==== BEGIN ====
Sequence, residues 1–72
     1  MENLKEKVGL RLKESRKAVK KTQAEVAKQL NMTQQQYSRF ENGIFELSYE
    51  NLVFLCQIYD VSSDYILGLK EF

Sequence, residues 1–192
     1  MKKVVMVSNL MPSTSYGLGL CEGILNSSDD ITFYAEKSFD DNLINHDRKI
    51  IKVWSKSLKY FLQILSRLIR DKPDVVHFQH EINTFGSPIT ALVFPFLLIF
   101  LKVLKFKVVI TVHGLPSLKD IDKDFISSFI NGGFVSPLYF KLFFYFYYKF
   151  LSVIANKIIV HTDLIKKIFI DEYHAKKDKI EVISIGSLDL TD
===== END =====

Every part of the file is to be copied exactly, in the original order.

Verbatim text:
Sequence, residues 1–72
     1  MENLKEKVGL RLKESRKAVK KTQAEVAKQL NMTQQQYSRF ENGIFELSYE
    51  NLVFLCQIYD VSSDYILGLK EF

Sequence, residues 1–192
     1  MKKVVMVSNL MPSTSYGLGL CEGILNSSDD ITFYAEKSFD DNLINHDRKI
    51  IKVWSKSLKY FLQILSRLIR DKPDVVHFQH EINTFGSPIT ALVFPFLLIF
   101  LKVLKFKVVI TVHGLPSLKD IDKDFISSFI NGGFVSPLYF KLFFYFYYKF
   151  LSVIANKIIV HTDLIKKIFI DEYHAKKDKI EVISIGSLDL TD